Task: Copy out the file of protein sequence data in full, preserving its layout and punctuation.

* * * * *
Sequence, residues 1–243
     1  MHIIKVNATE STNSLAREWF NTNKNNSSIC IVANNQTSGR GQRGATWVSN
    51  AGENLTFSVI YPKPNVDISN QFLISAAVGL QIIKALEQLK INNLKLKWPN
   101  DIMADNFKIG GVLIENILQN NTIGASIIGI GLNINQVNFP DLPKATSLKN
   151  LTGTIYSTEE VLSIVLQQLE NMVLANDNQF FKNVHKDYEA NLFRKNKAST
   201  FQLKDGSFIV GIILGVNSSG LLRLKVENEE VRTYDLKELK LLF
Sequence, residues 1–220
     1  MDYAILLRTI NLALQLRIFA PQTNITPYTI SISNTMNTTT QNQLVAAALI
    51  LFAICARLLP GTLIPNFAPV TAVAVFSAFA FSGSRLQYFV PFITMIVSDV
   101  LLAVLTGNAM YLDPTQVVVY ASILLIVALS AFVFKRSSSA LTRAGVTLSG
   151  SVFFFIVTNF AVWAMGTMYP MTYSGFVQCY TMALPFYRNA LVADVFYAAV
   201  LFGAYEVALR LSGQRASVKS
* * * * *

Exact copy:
Sequence, residues 1–243
     1  MHIIKVNATE STNSLAREWF NTNKNNSSIC IVANNQTSGR GQRGATWVSN
    51  AGENLTFSVI YPKPNVDISN QFLISAAVGL QIIKALEQLK INNLKLKWPN
   101  DIMADNFKIG GVLIENILQN NTIGASIIGI GLNINQVNFP DLPKATSLKN
   151  LTGTIYSTEE VLSIVLQQLE NMVLANDNQF FKNVHKDYEA NLFRKNKAST
   201  FQLKDGSFIV GIILGVNSSG LLRLKVENEE VRTYDLKELK LLF
Sequence, residues 1–220
     1  MDYAILLRTI NLALQLRIFA PQTNITPYTI SISNTMNTTT QNQLVAAALI
    51  LFAICARLLP GTLIPNFAPV TAVAVFSAFA FSGSRLQYFV PFITMIVSDV
   101  LLAVLTGNAM YLDPTQVVVY ASILLIVALS AFVFKRSSSA LTRAGVTLSG
   151  SVFFFIVTNF AVWAMGTMYP MTYSGFVQCY TMALPFYRNA LVADVFYAAV
   201  LFGAYEVALR LSGQRASVKS